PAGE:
Multiple sources told CNN that Smith’s team has questioned witnesses about that meeting both in front of the grand jury and in interviews conducted behind closed doors. Among them was O’Brien, who told the January 6 House select council that he was fixed into the December 18 gathering by telephone after it had previously decayed into a shouting match between Flynn, Powell and White House legal counselors, as indicated by a record of O’Brien’s statement that was delivered by the board.

O’Brien told the committee that somebody asked him at some point whether there was evidence of election fraud or foreign interference in the voting machines. And he responded, “No, we’ve looked into that and there’s no evidence of it,” according to O’Brien. We did not have any evidence of voter machine fraud in the 2020 election, it was informed to me.

According to a source familiar with the situation, when federal prosecutors working for Smith inquired about that meeting, O’Brien reiterated that he stated that there was no evidence of foreign interference affecting voting machines.

O’Brien is one of the Trump officials who could be called back to discuss conversations with Trump under the judge’s recent decision on executive privilege. He met with prosecutors earlier this year after receiving a subpoena from Smith’s team.

The judge made the decision that former Director of National Intelligence John Ratcliffe, who personally informed the former president’s allies that there was no evidence of widespread fraud or foreign election interference that would justify taking extreme measures like seizing voting machines, must also testify.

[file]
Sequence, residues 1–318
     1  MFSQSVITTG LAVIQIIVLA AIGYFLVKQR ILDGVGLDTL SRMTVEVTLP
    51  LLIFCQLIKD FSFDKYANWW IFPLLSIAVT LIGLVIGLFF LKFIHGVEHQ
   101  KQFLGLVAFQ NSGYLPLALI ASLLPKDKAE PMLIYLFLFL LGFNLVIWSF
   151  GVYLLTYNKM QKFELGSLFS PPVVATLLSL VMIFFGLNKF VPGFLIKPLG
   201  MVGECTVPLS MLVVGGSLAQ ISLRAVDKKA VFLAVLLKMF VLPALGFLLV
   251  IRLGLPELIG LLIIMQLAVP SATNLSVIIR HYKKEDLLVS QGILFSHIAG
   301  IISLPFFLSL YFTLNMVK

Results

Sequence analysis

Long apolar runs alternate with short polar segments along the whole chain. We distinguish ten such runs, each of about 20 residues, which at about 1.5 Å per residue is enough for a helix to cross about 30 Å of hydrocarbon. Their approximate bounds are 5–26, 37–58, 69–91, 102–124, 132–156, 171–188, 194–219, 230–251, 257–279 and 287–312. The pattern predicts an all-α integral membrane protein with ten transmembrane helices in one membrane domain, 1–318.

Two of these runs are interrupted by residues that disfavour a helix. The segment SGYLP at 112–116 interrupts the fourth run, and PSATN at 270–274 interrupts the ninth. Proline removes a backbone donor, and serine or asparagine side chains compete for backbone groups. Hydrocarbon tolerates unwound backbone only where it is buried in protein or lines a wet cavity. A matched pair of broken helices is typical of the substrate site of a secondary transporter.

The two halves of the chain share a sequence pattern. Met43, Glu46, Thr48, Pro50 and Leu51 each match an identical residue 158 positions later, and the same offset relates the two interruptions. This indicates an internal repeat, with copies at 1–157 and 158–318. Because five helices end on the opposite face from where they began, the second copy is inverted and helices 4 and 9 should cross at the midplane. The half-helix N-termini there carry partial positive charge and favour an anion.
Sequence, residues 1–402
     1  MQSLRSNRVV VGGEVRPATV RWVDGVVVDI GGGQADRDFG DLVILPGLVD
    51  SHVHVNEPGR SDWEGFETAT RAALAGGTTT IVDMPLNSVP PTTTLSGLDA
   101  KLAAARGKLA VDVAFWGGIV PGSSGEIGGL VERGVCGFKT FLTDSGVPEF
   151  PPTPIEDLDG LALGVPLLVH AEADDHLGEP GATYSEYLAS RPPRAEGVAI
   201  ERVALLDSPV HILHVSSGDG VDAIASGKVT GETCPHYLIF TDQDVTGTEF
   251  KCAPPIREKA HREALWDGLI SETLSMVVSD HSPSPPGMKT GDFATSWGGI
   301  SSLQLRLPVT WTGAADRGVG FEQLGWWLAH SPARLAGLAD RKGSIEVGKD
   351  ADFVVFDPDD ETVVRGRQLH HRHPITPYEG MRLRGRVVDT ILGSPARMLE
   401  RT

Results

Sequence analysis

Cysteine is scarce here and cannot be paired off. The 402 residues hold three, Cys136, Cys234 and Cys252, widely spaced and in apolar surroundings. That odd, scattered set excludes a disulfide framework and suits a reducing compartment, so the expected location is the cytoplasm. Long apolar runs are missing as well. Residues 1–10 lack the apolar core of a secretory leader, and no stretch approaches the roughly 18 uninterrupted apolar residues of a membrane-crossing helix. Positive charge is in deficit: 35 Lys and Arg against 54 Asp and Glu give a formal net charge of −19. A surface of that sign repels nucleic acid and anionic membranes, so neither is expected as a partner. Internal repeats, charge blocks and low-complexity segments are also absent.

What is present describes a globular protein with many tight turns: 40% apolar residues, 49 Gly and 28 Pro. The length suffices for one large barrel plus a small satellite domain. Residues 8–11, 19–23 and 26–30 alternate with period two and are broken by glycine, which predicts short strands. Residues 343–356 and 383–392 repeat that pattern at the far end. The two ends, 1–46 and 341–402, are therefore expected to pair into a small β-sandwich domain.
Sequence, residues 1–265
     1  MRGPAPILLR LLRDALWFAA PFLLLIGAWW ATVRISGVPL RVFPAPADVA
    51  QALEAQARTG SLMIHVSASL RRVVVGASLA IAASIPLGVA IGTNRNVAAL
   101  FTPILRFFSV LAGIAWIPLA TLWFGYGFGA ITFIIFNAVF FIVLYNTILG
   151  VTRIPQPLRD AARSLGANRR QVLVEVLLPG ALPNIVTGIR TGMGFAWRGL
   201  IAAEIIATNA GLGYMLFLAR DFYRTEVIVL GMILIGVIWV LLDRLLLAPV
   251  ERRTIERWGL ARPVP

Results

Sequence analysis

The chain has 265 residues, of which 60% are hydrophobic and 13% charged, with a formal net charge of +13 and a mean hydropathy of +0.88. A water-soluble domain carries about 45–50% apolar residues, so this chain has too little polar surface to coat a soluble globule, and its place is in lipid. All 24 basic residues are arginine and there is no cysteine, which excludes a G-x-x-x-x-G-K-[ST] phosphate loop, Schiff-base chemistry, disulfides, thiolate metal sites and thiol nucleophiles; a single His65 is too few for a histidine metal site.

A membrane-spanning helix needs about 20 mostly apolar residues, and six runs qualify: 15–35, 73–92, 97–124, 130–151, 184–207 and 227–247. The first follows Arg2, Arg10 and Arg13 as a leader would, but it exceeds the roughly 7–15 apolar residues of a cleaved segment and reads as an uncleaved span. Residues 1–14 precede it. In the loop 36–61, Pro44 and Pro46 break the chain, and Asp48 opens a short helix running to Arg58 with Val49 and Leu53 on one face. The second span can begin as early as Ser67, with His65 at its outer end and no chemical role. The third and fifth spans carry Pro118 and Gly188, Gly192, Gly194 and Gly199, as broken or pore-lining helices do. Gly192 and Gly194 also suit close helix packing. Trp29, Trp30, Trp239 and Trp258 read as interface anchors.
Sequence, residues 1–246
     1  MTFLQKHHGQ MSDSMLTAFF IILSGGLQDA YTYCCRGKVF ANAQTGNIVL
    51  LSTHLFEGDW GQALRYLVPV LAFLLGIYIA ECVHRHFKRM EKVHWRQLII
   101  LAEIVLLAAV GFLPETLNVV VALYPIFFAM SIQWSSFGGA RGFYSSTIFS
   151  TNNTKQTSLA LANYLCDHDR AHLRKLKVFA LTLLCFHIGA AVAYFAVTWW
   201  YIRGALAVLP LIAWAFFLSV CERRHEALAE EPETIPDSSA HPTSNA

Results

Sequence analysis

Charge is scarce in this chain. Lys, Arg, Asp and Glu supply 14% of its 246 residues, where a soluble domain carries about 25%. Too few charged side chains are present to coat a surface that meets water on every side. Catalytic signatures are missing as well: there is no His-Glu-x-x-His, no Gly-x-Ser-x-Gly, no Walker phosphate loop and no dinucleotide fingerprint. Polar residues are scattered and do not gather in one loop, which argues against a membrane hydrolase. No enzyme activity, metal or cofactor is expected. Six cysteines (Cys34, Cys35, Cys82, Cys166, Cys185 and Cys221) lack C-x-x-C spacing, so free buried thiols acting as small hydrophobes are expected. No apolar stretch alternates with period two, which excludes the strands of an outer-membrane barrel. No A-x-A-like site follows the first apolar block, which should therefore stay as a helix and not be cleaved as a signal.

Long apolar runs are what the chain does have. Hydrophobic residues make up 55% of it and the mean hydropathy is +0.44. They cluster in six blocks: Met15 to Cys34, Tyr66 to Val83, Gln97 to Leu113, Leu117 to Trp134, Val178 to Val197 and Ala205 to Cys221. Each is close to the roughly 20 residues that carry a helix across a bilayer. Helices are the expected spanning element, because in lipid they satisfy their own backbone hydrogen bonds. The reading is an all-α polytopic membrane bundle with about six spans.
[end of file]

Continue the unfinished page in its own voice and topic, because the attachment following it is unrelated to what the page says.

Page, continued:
CNN contacted Ratcliffe for comment, but they did not respond. Wolf declined to remark.

Cuccinelli recognized to the January 6 panel last year that, after the political race, he was asked a few times by Trump’s then-lawyer Rudy Giuliani, and on something like one event by Trump himself, in the event that DHS had power to hold onto casting a ballot machines. Wolf told the committee that Mark Meadows, the White House’s chief of staff at the time, repeatedly asked him the same question.

Before Smith took over the investigation, Giuliani was subpoenaed by the Justice Department. He previously acknowledged to the committee on January 6 that he was a participant in the December 18 Oval Office meeting and other discussions regarding having DHS and the military seize voting machines.

According to the transcript of his interview with the committee, Giuliani said that he and his team “tried many different ways to see if we could get the machines seized,” including options involving DHS. In addition, Giuliani acknowledged having participated in conversations prior to the meeting in the Oval Office on December 18 in which the idea of utilizing the military to seize voting machines was brought up.

“The military issue came up much earlier, and I can recall repeatedly asking, ‘Will you please forget about it?’ Please silence. You want to be imprisoned? Please silence. He continued, “We are not employing the military.”

CNN was informed by Giuliani’s attorney, Robert Costello, that Smith has not issued Giuliani a subpoena. Costello stated that the DC US Attorney subpoenaed Giuliani for documents and testimony at the beginning of November. According to Costello, he informed the Justice Department that Giuliani was unable to meet the stipulated deadlines because they were undergoing disciplinary proceedings at the time. Costello asserts that was the last time Giuliani heard from the DOJ.